New year (re)solution: everyday life and CPD

CSP professional adviser Nina Paterson says our everyday lives can be a rich source of material for continuing professional development.

Welcome to the second continuing professional development (CPD) article for 2017. In the last article, New Year: New plans, we looked at coaching and mentoring  Of course, everyone doesn’t have ready access to coaching schemes or mentors, and this style of learning may not suit your learning needs – a course might be just what you’re looking for, or a secondment. It may not be your preferred style either, although that’s not always a bad thing: sometimes it’s worth pushing yourself out of your comfort zone.  
In this instalment of the new year series we’re going to look at a different approach to learning that will be available for all CSP members. 
Often we’re looking for an external source to help us develop (the course, the mentor and so on). While these are important (that’s why we encourage you to think about them month after month!) and have their place, a key source of learning is our job. Sometimes we’re so busy hurtling through the tasks, the waiting lists, caseloads, meetings … that we don’t stop to pause and remember that our biggest source of development is the one that we’re immersed in – our everyday lives.  

Make time

For me, the new year started as the old one ended – at full throttle. Just before Christmas, we completed the build for the CSP’s new ePortfolio. Apart from the checking and rechecking that everything looked and worked properly, we had to convince those of you with a PebblePad account to pack up your stuff and move it into the new CSP ePortfolio. Alongside this, I’ve been working with colleagues to prepare the content, help and guidance for it. And then we’ve been doing the same to ensure our other new product – the CSP Learning Hub – is ready for its launch (this will house lots of different learning activities and we hope you’ll love it), and, again, this project is demanding. And, to top it off, the other big part of my job involves supporting universities delivering physiotherapy education. So I’ve been up and down the country visiting teams and reviewing their programmes so that the new graduates are the best they can be.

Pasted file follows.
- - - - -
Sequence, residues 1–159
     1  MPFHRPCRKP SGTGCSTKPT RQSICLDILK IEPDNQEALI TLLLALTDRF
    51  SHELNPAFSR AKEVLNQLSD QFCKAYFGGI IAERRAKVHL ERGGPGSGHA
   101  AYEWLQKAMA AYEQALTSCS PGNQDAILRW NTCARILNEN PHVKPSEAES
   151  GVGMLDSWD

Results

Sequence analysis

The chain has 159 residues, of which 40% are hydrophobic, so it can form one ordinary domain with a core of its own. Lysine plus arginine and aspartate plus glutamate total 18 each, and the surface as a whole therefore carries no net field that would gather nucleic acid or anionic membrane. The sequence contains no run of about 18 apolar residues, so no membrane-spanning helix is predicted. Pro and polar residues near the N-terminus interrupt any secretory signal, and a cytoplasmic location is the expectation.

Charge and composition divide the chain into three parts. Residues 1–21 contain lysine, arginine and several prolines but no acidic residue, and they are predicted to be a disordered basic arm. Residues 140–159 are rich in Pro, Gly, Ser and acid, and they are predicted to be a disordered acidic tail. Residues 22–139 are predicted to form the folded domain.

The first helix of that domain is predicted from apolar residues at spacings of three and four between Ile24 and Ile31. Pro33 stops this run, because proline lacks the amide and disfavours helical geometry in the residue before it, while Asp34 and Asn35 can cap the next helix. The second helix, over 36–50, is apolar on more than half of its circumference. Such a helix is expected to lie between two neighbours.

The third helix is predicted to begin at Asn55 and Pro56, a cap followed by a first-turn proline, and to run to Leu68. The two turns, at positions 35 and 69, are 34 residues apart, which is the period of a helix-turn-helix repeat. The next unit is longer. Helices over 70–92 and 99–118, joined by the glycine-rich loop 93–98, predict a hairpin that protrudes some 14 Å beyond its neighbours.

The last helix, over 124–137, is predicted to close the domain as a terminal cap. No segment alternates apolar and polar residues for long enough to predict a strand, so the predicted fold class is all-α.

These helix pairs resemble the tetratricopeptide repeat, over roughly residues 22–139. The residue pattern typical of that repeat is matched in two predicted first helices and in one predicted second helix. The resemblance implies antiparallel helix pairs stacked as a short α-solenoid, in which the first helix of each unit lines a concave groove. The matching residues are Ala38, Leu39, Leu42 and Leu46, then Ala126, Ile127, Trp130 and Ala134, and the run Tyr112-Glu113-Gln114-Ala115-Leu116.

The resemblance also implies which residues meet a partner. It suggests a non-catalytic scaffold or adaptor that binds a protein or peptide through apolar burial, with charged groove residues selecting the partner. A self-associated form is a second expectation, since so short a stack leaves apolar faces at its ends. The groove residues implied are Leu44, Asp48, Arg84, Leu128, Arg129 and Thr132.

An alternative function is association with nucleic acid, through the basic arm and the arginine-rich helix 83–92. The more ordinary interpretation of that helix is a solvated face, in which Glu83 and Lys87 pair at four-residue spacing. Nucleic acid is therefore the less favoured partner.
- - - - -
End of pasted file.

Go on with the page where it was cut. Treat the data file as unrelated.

My first pause for breath came yesterday on the way home from visiting the team at Queen Margaret University in Edinburgh. After my colleague and fellow traveller had disembarked, heading home through the snow, I finished checking my emails. Then, at 10pm, I finally looked out of the train window and stopped working. 
My job, which I love, may be very different from yours but I know you’ll face similar pressures. And it’s these things that connect us all – whether we work in a clinical, education, management field or in a research setting. Whatever we do, work is busy, constant and pressured.
‘I don’t have time’ is the phrase I hear the most when talking about continuing professional development (CPD), and I’m just as guilty of using it. I had another hour or so on my train journey before I reached London, and I was sorely tempted to watch a film on Netflix, but I wasn’t going to get another space like this so out came the iPad, and along with it tumbled my reflections and plans …  

Don’t just keep it in your head

Before my colleague disembarked, we’d been discussing how much we’d gained from the team we’d just met. For me, having that conversation cemented my learning in my head. But we both noted that where we fall down is taking time to record it. A point my colleague made stayed with me: ‘When you do a job like ours, it is easy to advise others what to do and not do it yourself.’ My colleague sent me a follow up text this morning to tell me that she was going to log in to the new ePortfolio and use one of the templates. 

Make it a habit

You’ll know this from experience with your patients or clients – there isn’t a magic wand. Start small, build it up, keep going, and find a reward system that works for you. Think about the approaches you use with patients when you want them to continue their exercise regime when you’re not there – could any of them work on you? 
For me, this series is possibly one of the most creatively enjoyable elements of my role. I started life as a maths teacher so I never expected to have a career where I would write and actually enjoy it. Writing an article keeps me brief and provides a structure that isn’t too constraining. I’ve realised that this style suits me. So my promise to myself is that I’m going to make the most of the CSP’s ePortfolio myself this year, especially the journal function
The new ePortfolio makes it easy to connect with others and share learning so to give me an incentive to stay on track, I’ll make you a promise that I’ll make at least one of my journals available. You don’t have to read it, but if you see I’m not role-modelling, then feel free to post on my wall and give me a nudge!  fl
  • what has worked, what hasn’t?
  • how do I feel about what I’ve achieved?
  • what could have gone better?
  • is there anything that needs urgently addressing?
  • how am I going to address the things that didn’t go well?
  • what’s in my control? What do I need to do differently?
  • how do I address my weaknesses or gaps? 
  • do I need some help to do this or can I problem solve it by myself?
  • am I on top of things? What do I need to do next?
  • what’s my plan? Is there anything from the last two months that will help me with the next set of challenges?
Nina Paterson professional adviser CSP

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